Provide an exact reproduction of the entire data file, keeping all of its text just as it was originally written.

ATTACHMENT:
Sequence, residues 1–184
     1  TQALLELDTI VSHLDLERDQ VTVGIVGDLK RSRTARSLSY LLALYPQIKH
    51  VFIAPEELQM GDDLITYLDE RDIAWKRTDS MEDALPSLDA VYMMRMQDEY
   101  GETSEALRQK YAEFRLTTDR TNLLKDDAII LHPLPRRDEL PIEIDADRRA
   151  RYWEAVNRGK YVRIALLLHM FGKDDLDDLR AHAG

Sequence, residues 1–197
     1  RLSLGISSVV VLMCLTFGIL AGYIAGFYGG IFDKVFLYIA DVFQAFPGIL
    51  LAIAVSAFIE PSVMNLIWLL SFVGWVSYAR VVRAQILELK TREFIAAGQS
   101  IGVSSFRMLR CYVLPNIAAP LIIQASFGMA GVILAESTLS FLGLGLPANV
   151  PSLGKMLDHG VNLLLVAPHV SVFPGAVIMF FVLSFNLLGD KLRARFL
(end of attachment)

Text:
Sequence, residues 1–184
     1  TQALLELDTI VSHLDLERDQ VTVGIVGDLK RSRTARSLSY LLALYPQIKH
    51  VFIAPEELQM GDDLITYLDE RDIAWKRTDS MEDALPSLDA VYMMRMQDEY
   101  GETSEALRQK YAEFRLTTDR TNLLKDDAII LHPLPRRDEL PIEIDADRRA
   151  RYWEAVNRGK YVRIALLLHM FGKDDLDDLR AHAG

Sequence, residues 1–197
     1  RLSLGISSVV VLMCLTFGIL AGYIAGFYGG IFDKVFLYIA DVFQAFPGIL
    51  LAIAVSAFIE PSVMNLIWLL SFVGWVSYAR VVRAQILELK TREFIAAGQS
   101  IGVSSFRMLR CYVLPNIAAP LIIQASFGMA GVILAESTLS FLGLGLPANV
   151  PSLGKMLDHG VNLLLVAPHV SVFPGAVIMF FVLSFNLLGD KLRARFL